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On the side of the road in the mangroves, a Snowy Egret was standing on one leg as birds are sometimes wont to do. Love the bright yellow feet.

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Not many cars on a July morning. That one ahead was driving slowly past a white bird.

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It was a Great Egret stalking along in the grass.

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When the car drove on, it walked towards us.

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And past.

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The egret was keeping an eye out for lizards and other delicacies.

Birds were my tasty breakfast delicacies! Figuratively, of course.

Fort Morgan

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The nonchalant cormorant.

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Looking north toward Mobile Bay from Fort Morgan, Alabama.

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We drove from Gulf Shores out to Fort Morgan because we do love a nice peninsula. Breezy and chilly, but sunny.

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Oil rigs in the bay.

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Shrimp boats too.

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Which way to the beach? More Double-crested Cormorants.

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There is a dog beach at Fort Morgan. Radar was happy about that. He loves the beach. We went on the beach across from our rental too, because it’s off season and nobody was around.

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Nothing like a good stick.

Sometimes it’s hard to get good bird photos when traveling with a dog, especially one shaped like a bit like a wolf. At least he (mostly) doesn’t chase birds. He prefers squirrels and balls.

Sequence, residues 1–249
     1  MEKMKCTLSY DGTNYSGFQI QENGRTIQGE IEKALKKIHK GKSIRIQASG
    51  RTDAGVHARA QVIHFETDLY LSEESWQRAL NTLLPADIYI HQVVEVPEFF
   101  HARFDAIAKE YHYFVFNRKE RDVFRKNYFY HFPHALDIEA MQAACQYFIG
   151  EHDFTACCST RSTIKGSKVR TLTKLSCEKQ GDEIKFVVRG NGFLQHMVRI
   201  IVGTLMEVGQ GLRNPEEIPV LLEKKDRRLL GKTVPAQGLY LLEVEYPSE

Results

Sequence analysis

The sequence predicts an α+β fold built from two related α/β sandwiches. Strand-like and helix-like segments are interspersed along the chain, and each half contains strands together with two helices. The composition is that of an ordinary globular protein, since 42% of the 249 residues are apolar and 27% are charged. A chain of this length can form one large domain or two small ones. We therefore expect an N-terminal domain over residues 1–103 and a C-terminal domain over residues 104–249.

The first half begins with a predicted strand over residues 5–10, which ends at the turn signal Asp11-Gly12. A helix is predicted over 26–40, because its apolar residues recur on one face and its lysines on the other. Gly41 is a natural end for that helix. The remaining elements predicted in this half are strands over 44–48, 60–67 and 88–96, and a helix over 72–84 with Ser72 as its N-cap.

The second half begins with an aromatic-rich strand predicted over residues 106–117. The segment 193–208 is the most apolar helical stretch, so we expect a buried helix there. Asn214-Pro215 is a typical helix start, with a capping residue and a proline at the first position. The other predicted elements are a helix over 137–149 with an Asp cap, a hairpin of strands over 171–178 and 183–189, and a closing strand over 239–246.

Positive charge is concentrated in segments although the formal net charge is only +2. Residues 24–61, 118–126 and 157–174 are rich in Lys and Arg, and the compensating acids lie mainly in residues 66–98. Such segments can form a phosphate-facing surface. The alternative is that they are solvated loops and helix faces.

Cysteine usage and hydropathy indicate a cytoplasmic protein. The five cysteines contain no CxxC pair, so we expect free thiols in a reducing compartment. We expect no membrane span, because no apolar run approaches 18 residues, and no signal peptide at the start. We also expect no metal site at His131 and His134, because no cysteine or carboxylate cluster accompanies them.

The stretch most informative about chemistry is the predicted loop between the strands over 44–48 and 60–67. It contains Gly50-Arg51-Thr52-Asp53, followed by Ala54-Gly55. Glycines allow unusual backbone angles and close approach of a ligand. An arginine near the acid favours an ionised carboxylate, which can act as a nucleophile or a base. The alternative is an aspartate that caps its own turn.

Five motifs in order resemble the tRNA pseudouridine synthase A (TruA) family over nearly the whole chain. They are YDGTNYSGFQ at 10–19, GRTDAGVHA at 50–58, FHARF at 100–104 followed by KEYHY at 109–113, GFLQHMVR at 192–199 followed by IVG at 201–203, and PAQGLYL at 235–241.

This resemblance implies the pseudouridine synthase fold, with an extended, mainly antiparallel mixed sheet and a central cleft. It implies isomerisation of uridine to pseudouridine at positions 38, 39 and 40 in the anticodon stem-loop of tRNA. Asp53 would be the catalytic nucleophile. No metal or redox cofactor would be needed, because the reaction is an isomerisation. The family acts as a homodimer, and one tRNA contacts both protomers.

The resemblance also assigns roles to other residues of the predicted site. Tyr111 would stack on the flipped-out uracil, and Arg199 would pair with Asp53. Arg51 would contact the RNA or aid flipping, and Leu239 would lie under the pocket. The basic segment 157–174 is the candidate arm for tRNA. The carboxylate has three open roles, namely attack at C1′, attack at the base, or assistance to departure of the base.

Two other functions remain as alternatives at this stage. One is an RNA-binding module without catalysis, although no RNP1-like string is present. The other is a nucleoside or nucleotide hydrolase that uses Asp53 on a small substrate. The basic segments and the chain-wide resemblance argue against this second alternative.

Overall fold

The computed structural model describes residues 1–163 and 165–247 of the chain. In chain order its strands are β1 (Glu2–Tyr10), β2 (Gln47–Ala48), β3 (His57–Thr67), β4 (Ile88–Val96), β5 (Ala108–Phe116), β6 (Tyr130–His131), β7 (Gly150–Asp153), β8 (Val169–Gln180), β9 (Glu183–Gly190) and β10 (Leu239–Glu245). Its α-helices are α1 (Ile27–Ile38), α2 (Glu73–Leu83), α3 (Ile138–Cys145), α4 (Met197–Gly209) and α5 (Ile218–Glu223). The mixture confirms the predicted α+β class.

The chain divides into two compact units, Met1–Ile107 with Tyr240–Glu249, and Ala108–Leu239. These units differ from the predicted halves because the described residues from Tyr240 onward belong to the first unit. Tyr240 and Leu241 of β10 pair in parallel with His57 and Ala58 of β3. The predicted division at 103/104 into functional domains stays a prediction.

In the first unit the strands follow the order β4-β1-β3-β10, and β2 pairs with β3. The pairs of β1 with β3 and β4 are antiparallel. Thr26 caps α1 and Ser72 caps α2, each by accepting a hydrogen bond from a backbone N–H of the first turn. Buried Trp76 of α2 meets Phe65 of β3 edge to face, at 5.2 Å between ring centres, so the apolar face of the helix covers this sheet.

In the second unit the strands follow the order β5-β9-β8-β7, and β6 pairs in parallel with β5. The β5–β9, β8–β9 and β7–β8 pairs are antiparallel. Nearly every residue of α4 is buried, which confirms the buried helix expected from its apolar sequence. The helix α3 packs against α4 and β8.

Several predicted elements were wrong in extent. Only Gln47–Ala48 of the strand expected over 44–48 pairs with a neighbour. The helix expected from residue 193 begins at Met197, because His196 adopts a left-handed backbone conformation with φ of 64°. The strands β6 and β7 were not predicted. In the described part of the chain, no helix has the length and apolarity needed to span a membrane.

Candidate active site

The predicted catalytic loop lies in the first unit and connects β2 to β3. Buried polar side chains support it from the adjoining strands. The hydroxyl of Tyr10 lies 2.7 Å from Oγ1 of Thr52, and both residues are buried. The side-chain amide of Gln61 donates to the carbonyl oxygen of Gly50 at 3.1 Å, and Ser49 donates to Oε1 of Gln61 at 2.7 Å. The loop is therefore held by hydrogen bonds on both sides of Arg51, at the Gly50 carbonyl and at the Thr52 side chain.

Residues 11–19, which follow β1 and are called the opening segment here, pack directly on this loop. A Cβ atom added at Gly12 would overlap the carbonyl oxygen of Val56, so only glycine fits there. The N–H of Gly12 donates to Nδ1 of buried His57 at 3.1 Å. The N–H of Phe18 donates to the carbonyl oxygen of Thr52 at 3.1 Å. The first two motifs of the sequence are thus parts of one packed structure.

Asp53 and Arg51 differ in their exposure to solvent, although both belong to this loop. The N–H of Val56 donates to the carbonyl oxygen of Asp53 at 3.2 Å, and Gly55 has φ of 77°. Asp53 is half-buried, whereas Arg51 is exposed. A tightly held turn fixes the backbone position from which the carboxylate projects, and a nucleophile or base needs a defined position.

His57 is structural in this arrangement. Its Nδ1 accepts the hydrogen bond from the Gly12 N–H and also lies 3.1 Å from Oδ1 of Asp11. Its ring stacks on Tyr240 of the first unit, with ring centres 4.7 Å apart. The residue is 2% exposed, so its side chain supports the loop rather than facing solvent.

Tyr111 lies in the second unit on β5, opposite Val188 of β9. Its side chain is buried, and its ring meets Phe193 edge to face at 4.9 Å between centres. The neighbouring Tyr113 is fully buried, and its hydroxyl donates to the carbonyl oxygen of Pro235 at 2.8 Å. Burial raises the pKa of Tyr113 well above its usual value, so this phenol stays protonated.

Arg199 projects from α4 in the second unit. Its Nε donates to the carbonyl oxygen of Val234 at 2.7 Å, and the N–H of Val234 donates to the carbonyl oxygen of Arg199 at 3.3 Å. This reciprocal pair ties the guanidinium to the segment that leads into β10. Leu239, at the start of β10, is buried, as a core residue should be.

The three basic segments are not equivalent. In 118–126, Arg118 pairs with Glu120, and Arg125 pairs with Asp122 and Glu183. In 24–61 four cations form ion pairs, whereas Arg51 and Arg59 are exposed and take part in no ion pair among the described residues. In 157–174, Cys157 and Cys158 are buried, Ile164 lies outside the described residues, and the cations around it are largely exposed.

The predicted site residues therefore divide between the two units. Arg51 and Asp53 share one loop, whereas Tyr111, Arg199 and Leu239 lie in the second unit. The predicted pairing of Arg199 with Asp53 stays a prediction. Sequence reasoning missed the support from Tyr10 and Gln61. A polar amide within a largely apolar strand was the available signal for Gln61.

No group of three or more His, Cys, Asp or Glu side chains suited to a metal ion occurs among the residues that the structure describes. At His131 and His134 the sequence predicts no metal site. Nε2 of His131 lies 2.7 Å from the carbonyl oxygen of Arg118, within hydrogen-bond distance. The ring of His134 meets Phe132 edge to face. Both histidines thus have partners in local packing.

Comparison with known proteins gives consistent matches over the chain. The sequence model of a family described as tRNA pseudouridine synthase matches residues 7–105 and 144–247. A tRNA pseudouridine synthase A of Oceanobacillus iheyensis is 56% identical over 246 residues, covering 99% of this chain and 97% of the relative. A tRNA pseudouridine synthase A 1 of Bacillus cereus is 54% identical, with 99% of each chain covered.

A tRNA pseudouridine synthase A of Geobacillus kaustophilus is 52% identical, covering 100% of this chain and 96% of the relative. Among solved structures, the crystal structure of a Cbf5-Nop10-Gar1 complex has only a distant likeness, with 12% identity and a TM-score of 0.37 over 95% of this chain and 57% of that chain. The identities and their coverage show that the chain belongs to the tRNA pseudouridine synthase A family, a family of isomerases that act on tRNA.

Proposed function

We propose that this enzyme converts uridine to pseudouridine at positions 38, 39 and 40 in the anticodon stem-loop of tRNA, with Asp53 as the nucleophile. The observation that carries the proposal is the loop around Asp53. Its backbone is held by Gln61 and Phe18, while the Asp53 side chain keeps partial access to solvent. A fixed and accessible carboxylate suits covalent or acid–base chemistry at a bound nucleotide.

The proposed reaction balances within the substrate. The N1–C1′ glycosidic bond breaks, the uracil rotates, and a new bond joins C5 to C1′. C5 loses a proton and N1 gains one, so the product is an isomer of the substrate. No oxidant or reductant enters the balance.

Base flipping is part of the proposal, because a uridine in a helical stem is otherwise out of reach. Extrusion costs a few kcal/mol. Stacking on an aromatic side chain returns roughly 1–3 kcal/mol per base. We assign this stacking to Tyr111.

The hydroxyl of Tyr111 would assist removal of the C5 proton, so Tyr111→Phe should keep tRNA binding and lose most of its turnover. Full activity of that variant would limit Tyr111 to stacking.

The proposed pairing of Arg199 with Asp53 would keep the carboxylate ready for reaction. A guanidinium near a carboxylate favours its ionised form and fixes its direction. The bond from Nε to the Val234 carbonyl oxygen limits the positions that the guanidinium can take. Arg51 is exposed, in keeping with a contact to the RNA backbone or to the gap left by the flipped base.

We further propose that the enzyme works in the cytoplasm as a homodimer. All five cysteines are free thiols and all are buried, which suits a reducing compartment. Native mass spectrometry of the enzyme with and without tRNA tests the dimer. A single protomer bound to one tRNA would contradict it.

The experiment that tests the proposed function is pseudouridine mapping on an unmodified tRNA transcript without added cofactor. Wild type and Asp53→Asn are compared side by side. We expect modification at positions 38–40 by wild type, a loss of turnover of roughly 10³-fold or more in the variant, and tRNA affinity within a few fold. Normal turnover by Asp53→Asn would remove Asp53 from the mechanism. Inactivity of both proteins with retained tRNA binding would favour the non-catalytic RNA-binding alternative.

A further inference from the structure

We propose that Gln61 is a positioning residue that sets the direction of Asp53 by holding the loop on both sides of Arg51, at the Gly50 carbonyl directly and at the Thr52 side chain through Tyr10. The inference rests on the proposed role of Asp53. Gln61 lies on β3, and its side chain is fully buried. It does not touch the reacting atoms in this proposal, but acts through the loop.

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Just offshore were 7 or 8 Bufflehead ducks, disappearing now and then under water. This is a male.

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This is a female.

A buoyant, large-headed duck that abruptly vanishes and resurfaces as it feeds, the tiny Bufflehead spends winters bobbing in bays, estuaries, reservoirs, and lakes. Males are striking black-and white from a distance. A closer look at the head shows glossy green and purple setting off the striking white patch. Females are a subdued gray-brown with a neat white patch on the cheek.

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Bufflehead chase.

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On land at Fort Morgan, an Amy-attracting sign.

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The migrants included my old friends the Killdeer, bobbing, running, calling and flying…

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Killdeer flies off.

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And my other old friends the Yellow-rumped Warblers.

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Show us your butt!

Surf-fishing cormorant

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Moody morning skies and tossing sea yesterday. Bird flies low.

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It’s a cormorant, landing in the churning surf.